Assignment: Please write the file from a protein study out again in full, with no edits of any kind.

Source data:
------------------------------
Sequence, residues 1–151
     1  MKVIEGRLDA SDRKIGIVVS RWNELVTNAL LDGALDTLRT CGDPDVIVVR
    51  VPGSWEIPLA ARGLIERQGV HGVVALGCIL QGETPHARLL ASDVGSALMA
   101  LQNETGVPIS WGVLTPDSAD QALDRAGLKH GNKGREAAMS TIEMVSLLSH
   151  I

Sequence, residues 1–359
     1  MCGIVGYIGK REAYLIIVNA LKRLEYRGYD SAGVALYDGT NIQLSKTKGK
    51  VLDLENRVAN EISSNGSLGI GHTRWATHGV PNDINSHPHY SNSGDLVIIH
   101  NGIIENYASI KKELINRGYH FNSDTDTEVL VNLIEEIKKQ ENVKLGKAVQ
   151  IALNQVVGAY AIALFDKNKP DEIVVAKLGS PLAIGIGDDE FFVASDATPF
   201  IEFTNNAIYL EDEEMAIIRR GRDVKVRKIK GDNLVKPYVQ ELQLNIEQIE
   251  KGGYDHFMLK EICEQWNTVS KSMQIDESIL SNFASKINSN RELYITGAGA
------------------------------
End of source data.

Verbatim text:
Sequence, residues 1–151
     1  MKVIEGRLDA SDRKIGIVVS RWNELVTNAL LDGALDTLRT CGDPDVIVVR
    51  VPGSWEIPLA ARGLIERQGV HGVVALGCIL QGETPHARLL ASDVGSALMA
   101  LQNETGVPIS WGVLTPDSAD QALDRAGLKH GNKGREAAMS TIEMVSLLSH
   151  I

Sequence, residues 1–359
     1  MCGIVGYIGK REAYLIIVNA LKRLEYRGYD SAGVALYDGT NIQLSKTKGK
    51  VLDLENRVAN EISSNGSLGI GHTRWATHGV PNDINSHPHY SNSGDLVIIH
   101  NGIIENYASI KKELINRGYH FNSDTDTEVL VNLIEEIKKQ ENVKLGKAVQ
   151  IALNQVVGAY AIALFDKNKP DEIVVAKLGS PLAIGIGDDE FFVASDATPF
   201  IEFTNNAIYL EDEEMAIIRR GRDVKVRKIK GDNLVKPYVQ ELQLNIEQIE
   251  KGGYDHFMLK EICEQWNTVS KSMQIDESIL SNFASKINSN RELYITGAGA